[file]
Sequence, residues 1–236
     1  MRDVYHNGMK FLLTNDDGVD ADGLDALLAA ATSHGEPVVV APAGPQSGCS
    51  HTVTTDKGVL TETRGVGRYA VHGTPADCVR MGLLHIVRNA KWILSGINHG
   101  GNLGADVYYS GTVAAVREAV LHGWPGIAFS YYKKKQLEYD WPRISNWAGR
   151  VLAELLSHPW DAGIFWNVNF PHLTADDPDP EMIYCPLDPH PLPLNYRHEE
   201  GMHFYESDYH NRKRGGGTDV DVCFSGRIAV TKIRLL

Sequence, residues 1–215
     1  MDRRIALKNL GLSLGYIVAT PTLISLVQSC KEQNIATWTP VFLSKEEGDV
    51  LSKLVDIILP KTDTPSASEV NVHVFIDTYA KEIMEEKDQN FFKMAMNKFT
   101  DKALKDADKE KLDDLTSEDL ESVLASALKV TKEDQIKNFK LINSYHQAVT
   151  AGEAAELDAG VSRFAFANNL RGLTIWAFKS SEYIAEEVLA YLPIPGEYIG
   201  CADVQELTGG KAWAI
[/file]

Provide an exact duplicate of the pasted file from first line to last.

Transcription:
Sequence, residues 1–236
     1  MRDVYHNGMK FLLTNDDGVD ADGLDALLAA ATSHGEPVVV APAGPQSGCS
    51  HTVTTDKGVL TETRGVGRYA VHGTPADCVR MGLLHIVRNA KWILSGINHG
   101  GNLGADVYYS GTVAAVREAV LHGWPGIAFS YYKKKQLEYD WPRISNWAGR
   151  VLAELLSHPW DAGIFWNVNF PHLTADDPDP EMIYCPLDPH PLPLNYRHEE
   201  GMHFYESDYH NRKRGGGTDV DVCFSGRIAV TKIRLL

Sequence, residues 1–215
     1  MDRRIALKNL GLSLGYIVAT PTLISLVQSC KEQNIATWTP VFLSKEEGDV
    51  LSKLVDIILP KTDTPSASEV NVHVFIDTYA KEIMEEKDQN FFKMAMNKFT
   101  DKALKDADKE KLDDLTSEDL ESVLASALKV TKEDQIKNFK LINSYHQAVT
   151  AGEAAELDAG VSRFAFANNL RGLTIWAFKS SEYIAEEVLA YLPIPGEYIG
   201  CADVQELTGG KAWAI